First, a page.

Though human friends had left him, Paul said, “the Lord stood at my side and gave me strength” (v. 17a). God strengthened Paul, not only that he might endure personally, but that he might continue proclaiming the gospel message and encouraging others in their ministries, so that “all the Gentiles might hear it.”

What does Paul mean by “And I was delivered from the lion’s mouth”? (v. 17b). It may suggest that he was released from prison, at least for a time. Whether Paul had in mind the threat of being fed to the lions in the Coliseum, or was using the phrase as a metaphor, he had escaped some sort of danger.

Even so, his life had again come under threat. Paul did not expect God to save him from every earthly danger, but he did trust God for ultimate deliverance. “The Lord will rescue me from every evil attack and will save me for his heavenly kingdom,” he said (v. 18). Even if Paul should fall to the executioner’s sword, he believed God would be standing by to usher him safely to an eternal home. Perhaps it was a reminder of eternity that led Paul to offer the benediction “To him be glory for ever and ever, Amen.”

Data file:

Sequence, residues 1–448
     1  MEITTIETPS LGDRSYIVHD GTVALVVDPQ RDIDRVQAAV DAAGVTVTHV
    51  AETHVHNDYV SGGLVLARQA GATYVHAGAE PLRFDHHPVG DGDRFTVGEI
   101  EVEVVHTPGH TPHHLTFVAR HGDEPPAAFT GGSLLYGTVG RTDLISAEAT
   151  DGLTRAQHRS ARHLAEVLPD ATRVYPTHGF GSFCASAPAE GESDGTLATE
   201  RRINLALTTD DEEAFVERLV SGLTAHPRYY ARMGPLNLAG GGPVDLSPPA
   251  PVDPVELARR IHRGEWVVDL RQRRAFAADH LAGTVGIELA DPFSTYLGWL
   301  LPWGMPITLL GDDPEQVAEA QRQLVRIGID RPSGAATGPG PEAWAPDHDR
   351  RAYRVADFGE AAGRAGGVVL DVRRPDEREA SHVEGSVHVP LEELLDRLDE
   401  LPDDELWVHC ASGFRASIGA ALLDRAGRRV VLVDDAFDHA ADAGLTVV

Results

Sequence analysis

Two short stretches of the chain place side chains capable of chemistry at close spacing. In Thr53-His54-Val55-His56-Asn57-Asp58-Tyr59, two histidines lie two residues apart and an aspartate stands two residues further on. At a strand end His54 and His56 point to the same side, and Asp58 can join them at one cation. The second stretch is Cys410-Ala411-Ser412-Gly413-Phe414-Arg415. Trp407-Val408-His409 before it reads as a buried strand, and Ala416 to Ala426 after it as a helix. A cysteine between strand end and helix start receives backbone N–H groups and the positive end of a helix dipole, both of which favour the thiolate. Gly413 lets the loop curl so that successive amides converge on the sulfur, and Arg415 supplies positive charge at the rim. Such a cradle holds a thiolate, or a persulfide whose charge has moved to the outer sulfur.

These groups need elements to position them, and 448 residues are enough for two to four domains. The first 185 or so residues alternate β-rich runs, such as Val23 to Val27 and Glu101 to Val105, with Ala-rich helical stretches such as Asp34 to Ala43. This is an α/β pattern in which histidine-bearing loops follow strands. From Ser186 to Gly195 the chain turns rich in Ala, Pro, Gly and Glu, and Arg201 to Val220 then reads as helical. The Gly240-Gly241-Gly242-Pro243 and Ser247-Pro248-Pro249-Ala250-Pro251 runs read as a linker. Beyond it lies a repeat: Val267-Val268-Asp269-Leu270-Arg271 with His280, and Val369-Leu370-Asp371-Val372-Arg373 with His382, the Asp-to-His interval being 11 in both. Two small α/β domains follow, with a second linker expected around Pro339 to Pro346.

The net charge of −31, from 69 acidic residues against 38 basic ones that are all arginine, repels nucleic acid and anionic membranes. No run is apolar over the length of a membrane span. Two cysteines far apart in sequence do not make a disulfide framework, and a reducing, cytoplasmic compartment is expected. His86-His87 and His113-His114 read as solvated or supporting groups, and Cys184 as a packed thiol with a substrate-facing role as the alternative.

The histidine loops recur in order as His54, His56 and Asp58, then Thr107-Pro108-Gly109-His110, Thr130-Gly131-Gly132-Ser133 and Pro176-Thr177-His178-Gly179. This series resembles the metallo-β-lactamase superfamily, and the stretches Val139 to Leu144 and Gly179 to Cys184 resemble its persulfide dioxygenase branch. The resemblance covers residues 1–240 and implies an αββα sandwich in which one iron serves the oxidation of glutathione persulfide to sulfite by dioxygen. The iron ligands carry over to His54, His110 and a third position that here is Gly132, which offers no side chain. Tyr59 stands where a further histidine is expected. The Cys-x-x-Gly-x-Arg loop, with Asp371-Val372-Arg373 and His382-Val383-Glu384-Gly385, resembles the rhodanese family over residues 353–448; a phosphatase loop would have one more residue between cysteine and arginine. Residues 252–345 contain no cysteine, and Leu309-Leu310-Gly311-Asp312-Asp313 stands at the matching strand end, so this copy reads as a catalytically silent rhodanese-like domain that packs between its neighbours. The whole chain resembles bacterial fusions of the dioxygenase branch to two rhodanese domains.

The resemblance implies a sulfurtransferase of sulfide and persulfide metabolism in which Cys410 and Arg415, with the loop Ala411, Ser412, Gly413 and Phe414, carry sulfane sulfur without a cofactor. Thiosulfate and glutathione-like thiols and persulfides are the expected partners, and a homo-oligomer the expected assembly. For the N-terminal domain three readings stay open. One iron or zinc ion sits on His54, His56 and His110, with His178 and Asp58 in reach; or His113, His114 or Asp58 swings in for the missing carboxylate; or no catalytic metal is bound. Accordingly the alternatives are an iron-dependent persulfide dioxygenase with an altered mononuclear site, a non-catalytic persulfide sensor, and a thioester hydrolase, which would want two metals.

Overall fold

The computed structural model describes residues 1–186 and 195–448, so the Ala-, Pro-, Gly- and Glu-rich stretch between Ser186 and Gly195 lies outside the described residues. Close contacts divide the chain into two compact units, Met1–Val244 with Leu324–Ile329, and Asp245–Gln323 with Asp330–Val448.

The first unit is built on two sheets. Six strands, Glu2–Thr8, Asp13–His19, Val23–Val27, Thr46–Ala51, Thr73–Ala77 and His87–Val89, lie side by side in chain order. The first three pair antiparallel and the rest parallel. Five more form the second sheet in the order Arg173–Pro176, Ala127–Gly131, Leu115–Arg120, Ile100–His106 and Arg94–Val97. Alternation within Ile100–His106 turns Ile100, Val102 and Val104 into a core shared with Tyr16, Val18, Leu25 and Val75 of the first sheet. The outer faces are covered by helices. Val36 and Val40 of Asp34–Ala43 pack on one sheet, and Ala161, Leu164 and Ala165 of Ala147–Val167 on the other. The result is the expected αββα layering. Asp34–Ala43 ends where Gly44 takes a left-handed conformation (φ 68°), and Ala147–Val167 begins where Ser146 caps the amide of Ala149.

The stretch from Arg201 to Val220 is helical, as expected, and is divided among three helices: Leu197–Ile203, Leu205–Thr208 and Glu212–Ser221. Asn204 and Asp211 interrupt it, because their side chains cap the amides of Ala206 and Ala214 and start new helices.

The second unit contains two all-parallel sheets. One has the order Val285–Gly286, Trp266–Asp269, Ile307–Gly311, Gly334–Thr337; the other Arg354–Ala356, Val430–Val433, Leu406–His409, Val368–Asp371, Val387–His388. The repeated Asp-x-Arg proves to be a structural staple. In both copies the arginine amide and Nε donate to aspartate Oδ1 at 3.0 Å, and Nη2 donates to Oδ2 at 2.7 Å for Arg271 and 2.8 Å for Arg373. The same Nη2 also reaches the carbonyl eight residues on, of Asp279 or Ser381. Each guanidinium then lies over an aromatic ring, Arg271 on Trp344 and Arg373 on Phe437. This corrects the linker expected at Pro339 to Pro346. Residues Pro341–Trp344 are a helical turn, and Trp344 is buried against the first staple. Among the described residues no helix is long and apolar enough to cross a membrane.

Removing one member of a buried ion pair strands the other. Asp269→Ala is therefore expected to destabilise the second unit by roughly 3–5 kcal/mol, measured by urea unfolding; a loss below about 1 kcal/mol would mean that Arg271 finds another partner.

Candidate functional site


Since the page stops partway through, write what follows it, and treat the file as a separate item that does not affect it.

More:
Adult Teaching Resources

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Read Scripture online: 2 Timothy 4:6-18



Parent Prep

“How do you want to be remembered?” It’s a question that comes up when some big event is about to happen. You can hear it in the locker room before a big game. You can hear it before someone is about to give a speech. The question is used to inspire people during big moments in life. But we should also remember this question in our everyday lives as well. We remember people not only in the big moments but in the everyday moments as well. You will have more everyday moments with your children than you do big moments. How you interact and react to your children during these times will set the tone for when the big moments come. How do you want to be remembered in the big and the everyday moments?

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“You’re a Great Dog” from Marley & Me via www.youtube.com

Additional Links/Resources
Read Scripture online: 2 Timothy 4:6-18